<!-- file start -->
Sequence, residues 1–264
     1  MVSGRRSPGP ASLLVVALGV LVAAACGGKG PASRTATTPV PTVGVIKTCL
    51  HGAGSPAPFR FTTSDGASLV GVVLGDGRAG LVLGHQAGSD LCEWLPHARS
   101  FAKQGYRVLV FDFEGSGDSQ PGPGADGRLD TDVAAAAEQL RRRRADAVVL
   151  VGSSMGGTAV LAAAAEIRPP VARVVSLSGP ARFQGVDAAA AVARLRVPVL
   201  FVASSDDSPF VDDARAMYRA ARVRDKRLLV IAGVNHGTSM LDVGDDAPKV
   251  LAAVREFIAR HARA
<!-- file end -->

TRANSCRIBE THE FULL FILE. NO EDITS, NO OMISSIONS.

Sequence, residues 1–264
     1  MVSGRRSPGP ASLLVVALGV LVAAACGGKG PASRTATTPV PTVGVIKTCL
    51  HGAGSPAPFR FTTSDGASLV GVVLGDGRAG LVLGHQAGSD LCEWLPHARS
   101  FAKQGYRVLV FDFEGSGDSQ PGPGADGRLD TDVAAAAEQL RRRRADAVVL
   151  VGSSMGGTAV LAAAAEIRPP VARVVSLSGP ARFQGVDAAA AVARLRVPVL
   201  FVASSDDSPF VDDARAMYRA ARVRDKRLLV IAGVNHGTSM LDVGDDAPKV
   251  LAAVREFIAR HARA